The subsequent publicity about Zheng’s situation led to growing calls from the Chinese-American community for him to be released. Prison authorities, however, continued to insist that he was a “danger to society”.
On March 8, 2005, after 19 years in prison, he was released, only to end up in an immigration jail for a further two years. While he had been serving his original sentence, a change in the law meant immigrants who had been convicted of a crime faced deportation.
However, because many community leaders had written to the authorities that Zheng would be a benefit to society, he was finally freed on February 27, 2007.
After his release, Wang persistently urged Zheng to collaborate on a documentary and, after he agreed, filming began in 2010. It was a four-year process, during which Wang revisits Zheng’s crime, his protracted parole hearings, and how he has become a community leader working with at-risk youth and inspiring prison inmates.
One of Wang’s toughest tasks in making Breathin’ was finding archival footage of Zheng.
“Eddy told me about this woman who had shot film of the parole hearings and had family footage in a storage shed in her father’s home … I got in contact with her and eventually we went to the shed and it was like a scavenger hunt. We went through all the boxes until we found the tapes. We were so lucky they weren’t damaged by the weather and from being in the shed for years,” Wang recalls.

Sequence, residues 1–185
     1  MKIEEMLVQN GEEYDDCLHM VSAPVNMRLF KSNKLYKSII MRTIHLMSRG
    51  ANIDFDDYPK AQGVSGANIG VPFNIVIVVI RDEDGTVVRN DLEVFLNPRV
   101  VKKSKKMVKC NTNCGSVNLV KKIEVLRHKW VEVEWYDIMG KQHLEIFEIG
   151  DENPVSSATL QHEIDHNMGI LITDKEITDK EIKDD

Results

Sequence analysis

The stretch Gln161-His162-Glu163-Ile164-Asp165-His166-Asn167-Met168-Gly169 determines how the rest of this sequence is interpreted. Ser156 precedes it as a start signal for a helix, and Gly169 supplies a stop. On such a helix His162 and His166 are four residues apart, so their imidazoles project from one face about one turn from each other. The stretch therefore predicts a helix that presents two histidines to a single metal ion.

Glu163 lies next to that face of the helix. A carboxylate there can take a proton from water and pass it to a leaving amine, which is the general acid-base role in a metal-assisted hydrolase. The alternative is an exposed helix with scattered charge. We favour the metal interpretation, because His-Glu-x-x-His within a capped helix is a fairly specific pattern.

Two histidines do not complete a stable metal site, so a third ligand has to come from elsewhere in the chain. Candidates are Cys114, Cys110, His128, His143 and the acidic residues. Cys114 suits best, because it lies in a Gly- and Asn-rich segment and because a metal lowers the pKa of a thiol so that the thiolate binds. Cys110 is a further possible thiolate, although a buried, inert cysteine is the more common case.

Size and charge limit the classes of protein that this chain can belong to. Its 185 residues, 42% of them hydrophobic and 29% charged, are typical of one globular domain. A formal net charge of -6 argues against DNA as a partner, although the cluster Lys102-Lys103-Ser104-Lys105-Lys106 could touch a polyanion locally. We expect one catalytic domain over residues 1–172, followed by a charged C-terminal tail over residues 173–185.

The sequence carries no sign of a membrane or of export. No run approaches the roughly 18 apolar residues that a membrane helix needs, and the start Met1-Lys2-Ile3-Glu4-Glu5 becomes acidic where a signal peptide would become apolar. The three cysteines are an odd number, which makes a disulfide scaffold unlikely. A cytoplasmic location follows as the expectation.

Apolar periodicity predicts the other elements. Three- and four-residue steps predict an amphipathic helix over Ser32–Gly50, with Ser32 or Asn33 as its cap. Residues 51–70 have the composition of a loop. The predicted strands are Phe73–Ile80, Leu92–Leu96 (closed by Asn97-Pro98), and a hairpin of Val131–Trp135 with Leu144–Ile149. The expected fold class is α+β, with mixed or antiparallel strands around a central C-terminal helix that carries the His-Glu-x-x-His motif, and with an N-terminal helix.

In a pivotal moment in the film, Zheng writes a letter in Chinese to the woman he victimised more than two decades earlier. He apologises for the trauma he caused her and her family, and says he is trying to right his wrongs by helping the community.
The independently made film had its premiere in San Quentin State Prison in 2016. Wang says this was a deliberate choice, as the prison allowed them in to film and they wanted Zheng’s friends there to see the documentary.
Soon afterwards, it was shown at the Center for Asian American Media Film Festival, where it won the Audience Choice award. Breathin’ has since been screened at a few US film festivals, and aired on public television last year.
“It’s really rewarding. People are really responsive to the film,” Wang says.
Zheng recently set up a foundation called New Breath, which helps Asian Americans and Pacific Islanders who have been impacted by incarceration and deportation.
In 2012 Zheng got married, and he and his wife have a five-year-old daughter. Will she eventually get to learn the Eddy Zheng story?
“She will. I don’t know how she will react,” he says. “But she’s smart and curious, a very kind person. Hopefully she will be proud of me.”
Eddy Zheng and director/producer Ben Wang will attend the screening of Breathin’: The Eddy Zheng Story on December 4 at 6.15pm at Asia Society Hong Kong, 9 Justice Drive, Admiralty. For more information visit asiasociety.org.hk.